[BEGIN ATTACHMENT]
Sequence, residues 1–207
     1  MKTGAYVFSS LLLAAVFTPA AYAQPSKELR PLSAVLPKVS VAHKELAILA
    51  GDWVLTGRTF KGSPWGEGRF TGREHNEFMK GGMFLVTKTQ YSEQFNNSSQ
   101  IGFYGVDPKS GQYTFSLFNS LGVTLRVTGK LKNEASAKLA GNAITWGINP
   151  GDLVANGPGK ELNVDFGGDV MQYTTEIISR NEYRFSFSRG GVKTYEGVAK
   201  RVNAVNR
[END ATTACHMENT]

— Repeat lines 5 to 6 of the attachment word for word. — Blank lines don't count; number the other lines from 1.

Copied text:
   151  GDLVANGPGK ELNVDFGGDV MQYTTEIISR NEYRFSFSRG GVKTYEGVAK
   201  RVNAVNR